The Power of A Mentor

The following is an excerpt from "The Power of a Mentor."

Twelve executives were grouped at the top of AT&T's international communication empire. Most intriguing, though, is that these very different men had a common management background.

Robert Greenleaf, an officer for AT&T, found in his research that these executives were able men, but not exceptional. Each one, however, reported having one early boss who greatly accelerated his progress as a manager. “But most surprising was the fact that four of the 12,” Greenleaf said, “had their early formative experience under one mid-level manager.” He had mentored “one-third” of AT&T's top management.

Throughout the company, from mid-level careers to upper-level executives, this one man had trained and spurred on business people in their formative years. Greenleaf says that he was “probably the most influential manager of his generation — significantly influencing the course of AT&T as a whole by his development of people.” He was a master mentor, in the Sponsor category. Mentoring can be exceedingly powerful, to shape a family, a business, a church, a nation, and even a whole world.

Let's see how mentoring impacted the world. Go back with me to Bible times. Forty miles south of Turkey in the Mediterranean is the small island of Cyprus. We're not sure just when he was saved, but a Cypriot named Joseph started a spiritual tidal wave — so impacting that it flooded the Roman world and changed history.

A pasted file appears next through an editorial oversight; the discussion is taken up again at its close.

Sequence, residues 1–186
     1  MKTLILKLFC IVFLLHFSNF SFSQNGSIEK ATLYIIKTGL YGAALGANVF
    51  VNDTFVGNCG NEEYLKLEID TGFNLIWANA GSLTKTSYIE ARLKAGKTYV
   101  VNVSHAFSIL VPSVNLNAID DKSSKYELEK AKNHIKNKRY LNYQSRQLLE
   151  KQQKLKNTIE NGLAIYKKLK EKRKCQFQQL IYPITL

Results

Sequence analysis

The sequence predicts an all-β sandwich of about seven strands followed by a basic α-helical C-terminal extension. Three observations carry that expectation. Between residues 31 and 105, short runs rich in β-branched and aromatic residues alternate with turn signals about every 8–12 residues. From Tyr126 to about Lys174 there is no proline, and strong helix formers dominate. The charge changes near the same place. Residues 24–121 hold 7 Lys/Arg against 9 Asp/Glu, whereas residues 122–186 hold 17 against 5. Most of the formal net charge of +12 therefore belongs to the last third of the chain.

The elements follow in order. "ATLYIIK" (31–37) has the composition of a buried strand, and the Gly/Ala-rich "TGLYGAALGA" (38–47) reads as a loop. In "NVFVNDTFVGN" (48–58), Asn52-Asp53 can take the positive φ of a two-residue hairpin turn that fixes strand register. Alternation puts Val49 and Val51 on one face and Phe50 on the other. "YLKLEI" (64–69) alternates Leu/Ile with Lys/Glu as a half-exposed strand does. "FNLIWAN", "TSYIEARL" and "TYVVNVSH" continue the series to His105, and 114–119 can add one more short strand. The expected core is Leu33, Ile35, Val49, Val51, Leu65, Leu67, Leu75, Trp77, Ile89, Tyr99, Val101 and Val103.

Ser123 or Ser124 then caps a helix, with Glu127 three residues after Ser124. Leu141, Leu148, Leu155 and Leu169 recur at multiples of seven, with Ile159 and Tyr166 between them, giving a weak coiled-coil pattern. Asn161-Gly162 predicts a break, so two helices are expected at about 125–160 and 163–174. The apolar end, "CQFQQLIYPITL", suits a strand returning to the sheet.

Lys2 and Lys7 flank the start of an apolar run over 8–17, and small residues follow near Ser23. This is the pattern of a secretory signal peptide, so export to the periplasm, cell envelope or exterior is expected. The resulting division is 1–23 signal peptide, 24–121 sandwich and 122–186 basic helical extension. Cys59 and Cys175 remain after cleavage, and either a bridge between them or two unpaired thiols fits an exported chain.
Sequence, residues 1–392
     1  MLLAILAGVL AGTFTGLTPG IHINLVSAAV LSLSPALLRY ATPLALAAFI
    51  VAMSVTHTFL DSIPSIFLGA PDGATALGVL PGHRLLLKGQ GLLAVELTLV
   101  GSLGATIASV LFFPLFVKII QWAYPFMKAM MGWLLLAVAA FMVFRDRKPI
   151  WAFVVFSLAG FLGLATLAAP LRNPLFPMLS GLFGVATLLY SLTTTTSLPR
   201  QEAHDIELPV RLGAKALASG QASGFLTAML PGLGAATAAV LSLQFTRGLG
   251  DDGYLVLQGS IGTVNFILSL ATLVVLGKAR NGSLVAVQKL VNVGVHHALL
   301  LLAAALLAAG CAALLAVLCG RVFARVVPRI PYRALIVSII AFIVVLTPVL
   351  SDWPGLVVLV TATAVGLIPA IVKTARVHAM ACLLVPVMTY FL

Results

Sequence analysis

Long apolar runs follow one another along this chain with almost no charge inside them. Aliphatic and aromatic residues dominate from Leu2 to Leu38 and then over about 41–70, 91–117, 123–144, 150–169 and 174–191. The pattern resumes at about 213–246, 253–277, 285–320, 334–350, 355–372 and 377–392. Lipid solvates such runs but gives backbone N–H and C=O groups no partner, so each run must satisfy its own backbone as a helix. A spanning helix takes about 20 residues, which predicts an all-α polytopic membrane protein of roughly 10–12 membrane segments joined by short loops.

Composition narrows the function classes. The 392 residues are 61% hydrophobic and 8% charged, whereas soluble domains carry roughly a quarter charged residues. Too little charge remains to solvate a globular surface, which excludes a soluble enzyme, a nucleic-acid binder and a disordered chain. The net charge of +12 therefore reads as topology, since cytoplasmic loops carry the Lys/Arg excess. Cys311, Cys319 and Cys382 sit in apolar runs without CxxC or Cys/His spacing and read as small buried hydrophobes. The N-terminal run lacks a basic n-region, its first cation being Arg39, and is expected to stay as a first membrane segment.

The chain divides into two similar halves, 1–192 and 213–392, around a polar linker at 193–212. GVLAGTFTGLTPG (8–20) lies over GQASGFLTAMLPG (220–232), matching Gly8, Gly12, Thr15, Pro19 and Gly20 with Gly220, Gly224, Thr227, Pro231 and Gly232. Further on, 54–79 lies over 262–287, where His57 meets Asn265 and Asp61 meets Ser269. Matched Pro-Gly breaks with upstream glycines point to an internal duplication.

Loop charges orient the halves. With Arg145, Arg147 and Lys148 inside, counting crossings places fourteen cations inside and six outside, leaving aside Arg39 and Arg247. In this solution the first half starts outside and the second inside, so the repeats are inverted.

All Joseph did was mentor two men. One, an older teen who initially quit, but was trained into greatness. This teenager later wrote the second Gospel. The other man mentored by Joseph was a hyperthyroid, traveling custom tent-maker. A man who wrote half the New Testament, planted dozens of churches, and pioneered evangelism and disciple-making methods that still work after 1,900 years. The man from Cyprus who influenced these Influencers? Joseph's Greek name was Barnabas, which means “encourager.” This encouraging leader exercised the power of mentoring, marking the lives of Mark and the apostle Paul.

A professor who has analyzed the lives of 600 leaders in historical and contemporary Christianity was shocked as he summarized his finding. Most leaders did not finish well! Those who did had mentors and accountability. What about you?

In my travels, talking with church staff and missionaries, I've asked, “Who are the resource people living here who help you keep growing in Christ?” Some say, “We're accountable to each other on the staff.” “Oh?” But in private conversations I've often discovered that few are truly being mentored.